Tuesday, September 27, 2011

Travel: Snowdonia Day One


Hey everyone! So I wasn't sure whether I was going to write some travel entries on my little holiday to Snowdonia, because I figured our cottage that we rented was kinda in the middle of nowhere, and that we would do some self-catering, and if lucky have a few bog standard meals out. Well I was completely wrong, had rather a nice little foodie experience out in Wales, so I thought I would fill you all in on it.

First of all, I had decided to go on this trip because I really REALLY needed a break, to be honest. I know I went to New York in February and all that, but I had all the stress of the end of my A levels, and then I’ve been working full time over all the summer, and so I thought just before I started University I should at least have one week off to recuperate. Also, it was Nick’s birthday and our three year anniversary so I thought it would be a nice way to celebrate. I didn't want to fly anywhere, but I still wanted to get away from it all, so I thought getting a nice comfy cottage in rural Wales was a perfect idea. I found this nice one bedroom cottage near Harlech called "Becws”, which means “Bakery” in Welsh, because it used to be an old Bakery (they still have the old oven and everything, it was cool). It was a very nice place actually- not as secluded as the pictures/ descriptions on their website indicated, but nice enough. I've just put a load of photos of our cottage on here because I didn't really take any photos the first day.

As it was self-catering, I thought, right “what shall I bring with me??”- and I remembered I had those £50 Waitrose/ John Lewis vouchers, so I thought I would use one of them up (you have to spend at least 50, cause they can’t give you change back on a voucher. I know, it’s weird) getting me and nick some lovely food for our holiday. To be fair, most of that £50+ was spent on booze, as I bought 1.4 litres of gin to make Sloe Gin with later in October (for people’s Xmas presents- watch this space!) and a really nice bottle of Pinot Noir- but basically the rest of these items are what I recommend that you take with you on a self-catering trip:

Instant Coffee, Tea, sugar, milk, orange juice, loaf of bread, ready cooked All Butter croissants, butter, jam, bacon, sausages, eggs, tomatoes, baked beans, cheddar, brie, grapes, apples, little gem lettuces, nice ham, and some form of chutney.

These essentially are the perfect items to bring to ensure lush self-catered breakfasts, and sandwiches to make on the trip there and the trip back (it took 4/5ish hours to drive from where we are in Bath). Usually at self catering places they provide fairy liquid/ washing up gloves and kitchen roll (not at ours though- stingy or what?) The drive there was lovely actually- we took the AA route instead of what our Satnav recommended and it involved driving through lots of beautiful Welsh countryside (although the rounds were really good quality and not windy at all). Much nicer than the motorway route we took back, lol. So on day one we had a lovely drive up there, had a little look round our local villages (the ones either side of us were “Llanbedr” and “Dyffryn Ardudwy” ) and settled into the cottage for a bottle of wine and a film, and planned the next day ahead.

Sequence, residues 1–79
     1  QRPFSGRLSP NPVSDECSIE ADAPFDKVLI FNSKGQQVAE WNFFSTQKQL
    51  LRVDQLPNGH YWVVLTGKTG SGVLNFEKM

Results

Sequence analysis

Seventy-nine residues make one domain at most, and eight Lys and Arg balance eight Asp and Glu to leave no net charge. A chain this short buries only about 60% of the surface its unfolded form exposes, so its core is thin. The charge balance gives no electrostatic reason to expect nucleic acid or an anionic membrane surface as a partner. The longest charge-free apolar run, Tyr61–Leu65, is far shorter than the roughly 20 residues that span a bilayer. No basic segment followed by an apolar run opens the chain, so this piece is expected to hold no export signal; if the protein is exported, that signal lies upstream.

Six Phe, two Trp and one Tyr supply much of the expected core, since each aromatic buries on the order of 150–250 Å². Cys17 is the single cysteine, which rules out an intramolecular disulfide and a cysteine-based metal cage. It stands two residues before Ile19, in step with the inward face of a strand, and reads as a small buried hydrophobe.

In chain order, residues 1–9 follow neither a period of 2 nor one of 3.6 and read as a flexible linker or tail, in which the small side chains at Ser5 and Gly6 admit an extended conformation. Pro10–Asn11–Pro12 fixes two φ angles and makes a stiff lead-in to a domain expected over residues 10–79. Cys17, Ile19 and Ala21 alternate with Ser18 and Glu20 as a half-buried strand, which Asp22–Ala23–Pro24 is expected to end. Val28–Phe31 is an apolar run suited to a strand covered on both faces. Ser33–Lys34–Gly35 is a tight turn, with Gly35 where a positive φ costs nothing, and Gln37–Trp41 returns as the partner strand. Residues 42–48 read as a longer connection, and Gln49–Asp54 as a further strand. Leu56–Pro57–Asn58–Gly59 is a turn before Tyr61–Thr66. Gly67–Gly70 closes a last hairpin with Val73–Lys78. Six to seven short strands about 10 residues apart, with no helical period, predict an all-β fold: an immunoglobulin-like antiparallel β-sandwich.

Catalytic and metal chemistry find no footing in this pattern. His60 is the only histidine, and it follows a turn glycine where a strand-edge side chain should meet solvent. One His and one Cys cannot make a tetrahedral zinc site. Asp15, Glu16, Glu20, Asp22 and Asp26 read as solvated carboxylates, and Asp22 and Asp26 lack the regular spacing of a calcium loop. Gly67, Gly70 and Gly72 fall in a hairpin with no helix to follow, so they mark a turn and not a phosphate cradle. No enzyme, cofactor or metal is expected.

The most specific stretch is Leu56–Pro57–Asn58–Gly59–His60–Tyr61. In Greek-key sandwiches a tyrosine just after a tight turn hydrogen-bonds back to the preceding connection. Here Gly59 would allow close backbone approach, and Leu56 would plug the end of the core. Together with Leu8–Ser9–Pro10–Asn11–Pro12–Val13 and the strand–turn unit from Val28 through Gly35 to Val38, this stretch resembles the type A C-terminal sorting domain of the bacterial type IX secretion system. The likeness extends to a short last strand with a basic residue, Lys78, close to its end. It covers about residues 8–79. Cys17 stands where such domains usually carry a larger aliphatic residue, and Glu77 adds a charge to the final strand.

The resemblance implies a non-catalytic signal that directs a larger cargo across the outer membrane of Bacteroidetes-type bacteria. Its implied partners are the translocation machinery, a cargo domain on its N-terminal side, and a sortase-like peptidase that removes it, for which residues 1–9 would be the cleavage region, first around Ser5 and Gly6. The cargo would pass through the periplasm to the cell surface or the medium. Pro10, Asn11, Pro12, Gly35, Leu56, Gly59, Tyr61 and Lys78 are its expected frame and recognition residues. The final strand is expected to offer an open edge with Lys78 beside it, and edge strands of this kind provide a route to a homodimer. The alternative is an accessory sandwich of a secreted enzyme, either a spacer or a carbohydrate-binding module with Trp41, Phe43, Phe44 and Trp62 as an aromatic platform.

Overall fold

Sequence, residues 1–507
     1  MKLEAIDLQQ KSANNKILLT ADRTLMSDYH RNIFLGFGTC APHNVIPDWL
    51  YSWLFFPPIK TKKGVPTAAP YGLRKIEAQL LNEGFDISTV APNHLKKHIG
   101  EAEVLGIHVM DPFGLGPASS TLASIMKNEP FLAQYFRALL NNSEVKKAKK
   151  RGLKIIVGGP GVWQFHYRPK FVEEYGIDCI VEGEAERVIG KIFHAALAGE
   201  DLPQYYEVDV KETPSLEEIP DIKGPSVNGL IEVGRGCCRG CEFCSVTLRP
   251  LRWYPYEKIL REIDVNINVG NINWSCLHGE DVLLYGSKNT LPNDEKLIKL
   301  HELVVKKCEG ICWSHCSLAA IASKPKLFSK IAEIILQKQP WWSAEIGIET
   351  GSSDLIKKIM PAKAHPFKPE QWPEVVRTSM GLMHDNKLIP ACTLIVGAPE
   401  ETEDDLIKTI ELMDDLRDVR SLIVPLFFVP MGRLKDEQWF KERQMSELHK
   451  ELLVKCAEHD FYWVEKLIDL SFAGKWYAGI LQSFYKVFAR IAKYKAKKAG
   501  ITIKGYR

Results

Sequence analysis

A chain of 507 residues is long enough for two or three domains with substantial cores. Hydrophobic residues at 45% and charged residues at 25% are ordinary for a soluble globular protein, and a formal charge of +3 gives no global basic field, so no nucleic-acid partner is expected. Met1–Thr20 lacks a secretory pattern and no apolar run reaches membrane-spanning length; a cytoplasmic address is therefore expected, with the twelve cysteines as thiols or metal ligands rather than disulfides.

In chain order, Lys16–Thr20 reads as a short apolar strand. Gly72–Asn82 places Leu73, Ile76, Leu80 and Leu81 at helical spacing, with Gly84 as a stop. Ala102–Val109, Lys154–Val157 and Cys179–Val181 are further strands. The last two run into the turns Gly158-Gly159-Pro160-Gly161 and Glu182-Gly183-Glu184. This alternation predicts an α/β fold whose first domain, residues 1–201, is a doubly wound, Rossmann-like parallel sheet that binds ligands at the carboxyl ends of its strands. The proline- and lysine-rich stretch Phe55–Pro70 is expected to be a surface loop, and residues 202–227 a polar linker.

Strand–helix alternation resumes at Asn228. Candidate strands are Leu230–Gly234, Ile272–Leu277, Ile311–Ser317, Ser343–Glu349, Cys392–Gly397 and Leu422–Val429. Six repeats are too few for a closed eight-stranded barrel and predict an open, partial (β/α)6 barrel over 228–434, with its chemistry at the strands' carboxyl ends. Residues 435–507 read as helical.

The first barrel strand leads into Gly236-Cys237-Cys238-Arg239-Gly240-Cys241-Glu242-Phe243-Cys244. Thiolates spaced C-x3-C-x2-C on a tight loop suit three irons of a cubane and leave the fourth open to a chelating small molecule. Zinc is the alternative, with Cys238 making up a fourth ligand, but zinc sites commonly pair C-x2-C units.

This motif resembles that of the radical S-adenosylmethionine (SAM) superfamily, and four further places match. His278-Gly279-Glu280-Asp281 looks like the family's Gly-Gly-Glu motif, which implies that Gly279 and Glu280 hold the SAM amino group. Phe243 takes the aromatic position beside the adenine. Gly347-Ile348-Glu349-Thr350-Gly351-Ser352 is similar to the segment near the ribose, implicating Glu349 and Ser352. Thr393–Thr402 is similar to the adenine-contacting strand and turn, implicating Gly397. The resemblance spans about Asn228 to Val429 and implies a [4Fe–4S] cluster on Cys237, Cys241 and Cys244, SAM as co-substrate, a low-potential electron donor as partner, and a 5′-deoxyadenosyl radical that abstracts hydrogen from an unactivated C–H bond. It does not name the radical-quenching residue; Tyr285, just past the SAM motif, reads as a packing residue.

Sunday, September 25, 2011

Competition: "Haute Cuisine Love Marmite" Recipe Competition- Runner Up!

Heya everyone. So a few months ago I mentioned that i had entered Marmite's "Haute Cuisine, Love Marmite" Facebook recipe competition, and after entering two of my recipes (i think the one that won it was my "Marmitey Venison Casserole"- like my venison casserole on the website, just using marmite stock instead of beef stock) , and having a fair few votes for them, i have won one of the runner's up prizes!

I won a pair of Marmite Oven Gloves, and a month's supply of Marmite! (I did wonder how much "a months supply" of Marmite actually was, but i won 3 x 500g jars, which I reckon is a fair amount). This is a picture from another runner's up prizes, just like mine I guess, but i got 3 larger jars rather than 6 smaller ones.

So yeah, thank you Marmite! I think your campaign to prove that you can do many other things with marmite, other than having it on toast, was a success- well done!

Monday, September 19, 2011

Recipe: Apple and Sage Chutney


I realised that this food blog has started to become a bit of a preserving/jamming blog these days! It's always the way though, I would say that August through to November is the time when people get all their jam jars out and have a go at turning their homegrown/home gathered produce into things that will keep for the rest of the year. The good news is that certainly for the next month, I will be getting a nice steady stream of scrumptious apples, courtesy of my friend Ralph who has a shared garden full of fruit trees. It's a regular oasis, ralph's garden, with damsons, plums, pears, apples and blackberries- I must admit i'm a little bit jealous! Anyway, the more apples he gives me, the more jars of apple chutneys/preserves he'll be getting back- I think thats a fair deal! With most, if not all, apple based chutneys, you should avoid heavy stirring, because it's nice to try and keep chunks of apple in the chutney, rather than it all mushing down.

Apple and Sage Chutney (makes 2kg) makes 10 x 200g jars, 61p per jar.

1.8kg cooking apples (unpeeled/uncored weight), peeled and diced
2 large white onions, finely diced
20g fresh sage, finely chopped
120g sultanas
550g sugar
170ml red wine vinegar
230ml cider vinegar
50ml Worchester sauce

1. Put all the ingredients into a large pan, covered, and cook on a high heat for 5 minutes.
2. Uncover (by this time the mixture should be boiling), and cook on a medium heat for 35 minutes, stirring occasionally, but gently (to try and stop the apple pieces from “mushing up” too much).